By this point, we should not be surprised to realize that the media, after a brief flurry of coverage, quickly dropped the story of John Russell, the Army sergeant being treated for mental issues, who gunned down five colleagues at a stress clinic in Baghdad earlier this month. That's why I was startled to see that Bob Herbert highlighted this episode in his New York Times column today, under the title, "War's Psychic Toll." It was the first mention I'd seen in quite a few days.
The slaughter of five comrades by a "stressed out" U.S. soldier is a true tragedy -- but should not have come as a shock. It's also richly symbolic, with added "poignancy," as Herbert puts it. That's why the story should be fully explored.
Some of us have warned about this kind of thing happening for years, with many in the media ignoring the effects of the war on our soldiers and veterans, or paying attention for just a short while and then moving along. Of course, there are exceptions, such as Salon's Mark Benjamin and Bob Herbert. The latter mirrored my view today when he wrote that he "couldn't have been less surprised" when he learned of the fratricide in Baghdad.
Herbert also observes: "The psychic toll of this foolish and apparently endless war has been profound since day one. And that nation's willful denial of that toll has been just as profound."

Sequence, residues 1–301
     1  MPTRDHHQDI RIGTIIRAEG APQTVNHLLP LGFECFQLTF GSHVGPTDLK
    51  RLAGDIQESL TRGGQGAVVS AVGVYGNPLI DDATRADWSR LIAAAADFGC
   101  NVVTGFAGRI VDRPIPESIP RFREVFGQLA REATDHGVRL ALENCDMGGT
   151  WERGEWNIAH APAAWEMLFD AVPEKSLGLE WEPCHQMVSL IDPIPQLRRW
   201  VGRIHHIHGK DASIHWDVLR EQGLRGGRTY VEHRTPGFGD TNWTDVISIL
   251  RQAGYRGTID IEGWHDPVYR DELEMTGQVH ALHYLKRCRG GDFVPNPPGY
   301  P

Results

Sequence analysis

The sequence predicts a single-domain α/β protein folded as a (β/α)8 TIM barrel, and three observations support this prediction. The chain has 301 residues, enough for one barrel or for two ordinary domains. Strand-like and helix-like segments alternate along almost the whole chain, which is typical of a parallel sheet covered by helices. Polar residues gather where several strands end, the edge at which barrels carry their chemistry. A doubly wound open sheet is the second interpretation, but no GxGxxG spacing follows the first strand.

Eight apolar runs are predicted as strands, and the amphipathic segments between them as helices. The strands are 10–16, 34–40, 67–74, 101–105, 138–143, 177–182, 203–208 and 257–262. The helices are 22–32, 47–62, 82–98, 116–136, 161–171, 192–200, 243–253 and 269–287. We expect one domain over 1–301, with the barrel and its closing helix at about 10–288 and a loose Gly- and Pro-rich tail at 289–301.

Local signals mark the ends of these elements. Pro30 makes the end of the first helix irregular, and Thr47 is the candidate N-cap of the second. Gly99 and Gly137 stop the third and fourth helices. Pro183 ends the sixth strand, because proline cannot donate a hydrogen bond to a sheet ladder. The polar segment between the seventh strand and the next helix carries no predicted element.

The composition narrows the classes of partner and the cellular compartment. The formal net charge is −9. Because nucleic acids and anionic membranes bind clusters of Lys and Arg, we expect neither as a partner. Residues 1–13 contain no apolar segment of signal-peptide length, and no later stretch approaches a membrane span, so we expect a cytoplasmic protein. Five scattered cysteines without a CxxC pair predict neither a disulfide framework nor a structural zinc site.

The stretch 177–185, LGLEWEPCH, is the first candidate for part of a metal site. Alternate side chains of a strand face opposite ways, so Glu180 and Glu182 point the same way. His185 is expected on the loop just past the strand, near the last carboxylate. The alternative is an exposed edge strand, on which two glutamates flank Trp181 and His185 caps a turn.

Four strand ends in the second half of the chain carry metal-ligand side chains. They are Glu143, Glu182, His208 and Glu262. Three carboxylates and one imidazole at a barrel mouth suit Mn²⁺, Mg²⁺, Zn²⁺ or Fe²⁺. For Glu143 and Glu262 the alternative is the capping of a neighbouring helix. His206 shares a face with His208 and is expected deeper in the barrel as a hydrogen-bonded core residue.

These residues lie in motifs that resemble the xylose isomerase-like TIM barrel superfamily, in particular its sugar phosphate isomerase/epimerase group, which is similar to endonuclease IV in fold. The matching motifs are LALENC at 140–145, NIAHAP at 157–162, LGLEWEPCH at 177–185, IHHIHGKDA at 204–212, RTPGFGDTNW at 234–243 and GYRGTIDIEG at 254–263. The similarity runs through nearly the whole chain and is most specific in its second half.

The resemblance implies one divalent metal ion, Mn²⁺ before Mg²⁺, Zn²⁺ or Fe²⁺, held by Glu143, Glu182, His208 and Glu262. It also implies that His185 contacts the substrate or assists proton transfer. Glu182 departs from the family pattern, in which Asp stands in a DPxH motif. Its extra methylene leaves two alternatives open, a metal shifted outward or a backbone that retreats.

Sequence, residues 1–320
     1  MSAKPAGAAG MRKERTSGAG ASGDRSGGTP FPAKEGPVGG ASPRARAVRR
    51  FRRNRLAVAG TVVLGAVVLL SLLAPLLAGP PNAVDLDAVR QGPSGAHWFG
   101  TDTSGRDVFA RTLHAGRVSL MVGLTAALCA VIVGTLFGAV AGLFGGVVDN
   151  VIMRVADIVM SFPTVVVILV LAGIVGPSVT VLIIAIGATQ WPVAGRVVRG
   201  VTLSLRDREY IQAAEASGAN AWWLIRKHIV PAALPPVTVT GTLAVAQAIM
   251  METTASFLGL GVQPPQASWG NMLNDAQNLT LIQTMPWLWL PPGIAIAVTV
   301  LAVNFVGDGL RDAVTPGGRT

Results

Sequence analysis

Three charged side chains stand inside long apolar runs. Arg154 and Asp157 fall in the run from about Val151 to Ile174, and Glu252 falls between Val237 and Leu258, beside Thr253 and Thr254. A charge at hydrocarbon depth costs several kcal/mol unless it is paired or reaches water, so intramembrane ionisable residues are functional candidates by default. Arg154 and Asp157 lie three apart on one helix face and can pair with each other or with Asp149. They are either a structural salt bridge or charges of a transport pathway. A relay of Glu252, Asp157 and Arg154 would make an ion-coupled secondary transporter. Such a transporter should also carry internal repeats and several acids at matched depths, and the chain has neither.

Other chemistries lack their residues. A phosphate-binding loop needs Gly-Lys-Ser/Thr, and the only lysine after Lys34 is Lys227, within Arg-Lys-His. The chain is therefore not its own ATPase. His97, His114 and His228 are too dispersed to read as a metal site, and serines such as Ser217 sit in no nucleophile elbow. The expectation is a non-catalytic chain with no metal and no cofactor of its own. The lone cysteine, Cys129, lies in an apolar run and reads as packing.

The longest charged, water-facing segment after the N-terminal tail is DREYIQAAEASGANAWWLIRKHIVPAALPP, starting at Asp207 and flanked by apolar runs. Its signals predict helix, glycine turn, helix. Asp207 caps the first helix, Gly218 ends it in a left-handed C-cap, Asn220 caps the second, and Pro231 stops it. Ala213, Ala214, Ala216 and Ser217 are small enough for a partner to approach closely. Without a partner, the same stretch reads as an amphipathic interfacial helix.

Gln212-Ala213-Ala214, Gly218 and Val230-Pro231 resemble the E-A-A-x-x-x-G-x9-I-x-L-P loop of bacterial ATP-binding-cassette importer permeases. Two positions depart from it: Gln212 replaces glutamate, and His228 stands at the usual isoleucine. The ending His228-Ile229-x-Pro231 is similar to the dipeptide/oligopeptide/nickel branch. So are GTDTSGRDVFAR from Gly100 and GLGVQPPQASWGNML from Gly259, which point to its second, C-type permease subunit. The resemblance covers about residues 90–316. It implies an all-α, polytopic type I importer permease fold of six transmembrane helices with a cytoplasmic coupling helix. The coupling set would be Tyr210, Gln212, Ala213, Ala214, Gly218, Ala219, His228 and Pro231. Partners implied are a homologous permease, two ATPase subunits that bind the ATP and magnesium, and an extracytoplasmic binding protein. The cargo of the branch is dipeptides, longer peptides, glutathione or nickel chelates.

Suicides both in Iraq and among vets back home have been unusually high almost from the beginning of the war and have surged in recent months. Also truly shocking is the number of veterans with brain trauma or mental problems. These numbers get reported when a study emerges, then are forgotten. At least President Obama has upped money for treatment.
Nearly one in five American soldiers deployed in Iraq suffer Post-Traumatic Stress Disorder (PTSD), according to an oft-cited RAND Corp. study. Use of anti-depressants in the war zones is widespread, a first in American wars.
Sgt. Russell, 44, was on his third tour in Iraq.
Too often the media treats our presence in Iraq as essentially benign now, ignoring the plight of those serving there, and the travails when they come home.
I have written about soldier suicides for almost six years now. I always have plenty to write about, unfortunately. And now, mass murder.
Paul Rieckhoff, head of the Iraq and Afghanistan Veterans of America, said after the Russell incident: "Unlike during the Vietnam War, today's military is a professional, all-volunteer force. There have been only five cases of intentional fratricide by U.S. service members in Iraq. But these incidents, however rare, draw public attention to an important issue: the enormous stress on our armed forces. Many troops are under great psychological strain and are not receiving the treatment they need. Over 600,000 troops have served more than one combat tour since 9/11. Military suicide rates have hit record highs every year since 2003. Much more must be done to address troops' psychological injuries before they reach a crisis point."
And remember: We still have as many soldiers in Iraq as we did before the surge -- and are sending thousands more to Afghanistan.